(1990, 1996). The discourses about 'media effects' from politicians and the popular press are already quite laughably simplistic enough: academics shouldn't encourage them in their delusions.
Interestingly, in 1999 the BBFC was also arguing that it should refuse to give some videos 'R18' certificates because children might see and be harmed by them. This classification is for sex videos which can be purchased only by adults in licensed sex shops. The BBFC had previously refused to award certificates to certain videos destined for this strictly adults-only category, but only on the grounds of obscenity, never on the basis that children might view them in the home-the whole point of the R18 category, the very reason that it was created in the first place, being that children aren't supposed to see videos with this classification. The BBFC would appear thus to be undermining the entirety of its own classification system by suggesting that the age-based restrictions on its certificates are in fact irrelevant. (For further details see Petley (2000) and the relevant pages at http://www.melonfarmers.co.uk.)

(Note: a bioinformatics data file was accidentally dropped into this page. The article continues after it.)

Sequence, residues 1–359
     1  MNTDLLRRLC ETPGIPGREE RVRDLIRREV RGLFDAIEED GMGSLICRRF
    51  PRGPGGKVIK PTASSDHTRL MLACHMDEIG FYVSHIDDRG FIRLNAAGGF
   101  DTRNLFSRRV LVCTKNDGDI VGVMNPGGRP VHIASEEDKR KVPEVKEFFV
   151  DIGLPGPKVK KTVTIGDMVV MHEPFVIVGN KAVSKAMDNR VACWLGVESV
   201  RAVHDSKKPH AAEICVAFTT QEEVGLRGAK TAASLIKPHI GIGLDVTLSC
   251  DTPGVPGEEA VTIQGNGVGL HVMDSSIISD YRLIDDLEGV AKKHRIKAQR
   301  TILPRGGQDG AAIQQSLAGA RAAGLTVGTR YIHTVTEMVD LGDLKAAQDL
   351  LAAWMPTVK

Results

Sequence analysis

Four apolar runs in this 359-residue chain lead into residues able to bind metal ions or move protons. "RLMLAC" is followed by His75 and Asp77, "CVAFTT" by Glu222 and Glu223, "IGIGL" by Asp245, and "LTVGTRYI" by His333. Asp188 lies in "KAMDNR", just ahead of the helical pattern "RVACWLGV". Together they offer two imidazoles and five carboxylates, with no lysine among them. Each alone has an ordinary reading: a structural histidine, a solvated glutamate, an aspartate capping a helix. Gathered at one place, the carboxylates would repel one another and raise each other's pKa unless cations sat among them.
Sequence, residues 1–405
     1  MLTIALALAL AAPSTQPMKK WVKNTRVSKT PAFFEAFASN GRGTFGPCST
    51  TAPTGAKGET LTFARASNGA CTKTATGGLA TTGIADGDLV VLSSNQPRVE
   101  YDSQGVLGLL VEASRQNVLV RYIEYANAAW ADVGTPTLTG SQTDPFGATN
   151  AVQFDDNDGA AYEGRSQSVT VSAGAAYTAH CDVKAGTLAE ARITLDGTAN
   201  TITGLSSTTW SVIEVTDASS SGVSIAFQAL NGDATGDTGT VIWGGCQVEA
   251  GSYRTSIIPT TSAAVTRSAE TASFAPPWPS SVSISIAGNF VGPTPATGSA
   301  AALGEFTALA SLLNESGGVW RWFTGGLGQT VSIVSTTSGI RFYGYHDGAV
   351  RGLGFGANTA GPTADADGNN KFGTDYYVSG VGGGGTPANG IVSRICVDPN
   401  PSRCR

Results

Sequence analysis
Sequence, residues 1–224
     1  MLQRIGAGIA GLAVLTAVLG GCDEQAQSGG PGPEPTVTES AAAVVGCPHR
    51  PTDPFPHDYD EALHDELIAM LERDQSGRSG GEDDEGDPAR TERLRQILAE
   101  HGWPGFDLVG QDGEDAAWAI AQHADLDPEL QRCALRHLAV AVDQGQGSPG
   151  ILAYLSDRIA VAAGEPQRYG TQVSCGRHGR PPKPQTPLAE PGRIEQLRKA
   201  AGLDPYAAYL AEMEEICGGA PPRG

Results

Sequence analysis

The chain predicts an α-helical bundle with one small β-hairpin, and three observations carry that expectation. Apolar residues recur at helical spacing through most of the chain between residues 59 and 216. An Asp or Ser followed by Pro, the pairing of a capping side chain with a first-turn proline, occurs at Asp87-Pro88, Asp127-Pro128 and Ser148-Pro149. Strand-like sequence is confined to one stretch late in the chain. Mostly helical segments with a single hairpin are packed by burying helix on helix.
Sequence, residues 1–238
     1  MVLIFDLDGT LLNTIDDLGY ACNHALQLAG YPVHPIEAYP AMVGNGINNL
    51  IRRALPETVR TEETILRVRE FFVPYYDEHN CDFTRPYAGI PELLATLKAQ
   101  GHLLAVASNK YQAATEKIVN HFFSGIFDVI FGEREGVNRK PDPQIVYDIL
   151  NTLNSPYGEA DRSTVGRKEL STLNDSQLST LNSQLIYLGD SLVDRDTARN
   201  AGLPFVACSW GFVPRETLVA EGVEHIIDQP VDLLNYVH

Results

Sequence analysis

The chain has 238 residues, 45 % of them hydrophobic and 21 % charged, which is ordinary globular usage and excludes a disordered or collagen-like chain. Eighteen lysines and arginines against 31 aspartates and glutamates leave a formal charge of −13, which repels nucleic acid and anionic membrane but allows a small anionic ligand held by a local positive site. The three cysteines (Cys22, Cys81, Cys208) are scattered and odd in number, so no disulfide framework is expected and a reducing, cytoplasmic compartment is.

For a previous discussion of this topic, see also Gauntlett (1998).
A longitudinal panel study is one in which the same group of people (the panel) is surveyed and/or observed at a number of points over a period of time.
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Questia, a part of Gale, Cengage Learning. www.questia.com
Book title: Ill Effects: The Media/Violence Debate.
Contributors: Martin Barker - Editor, Julian Petley - Editor.
Place of publication: London.
Publication year: 2001.
Page number: 60.
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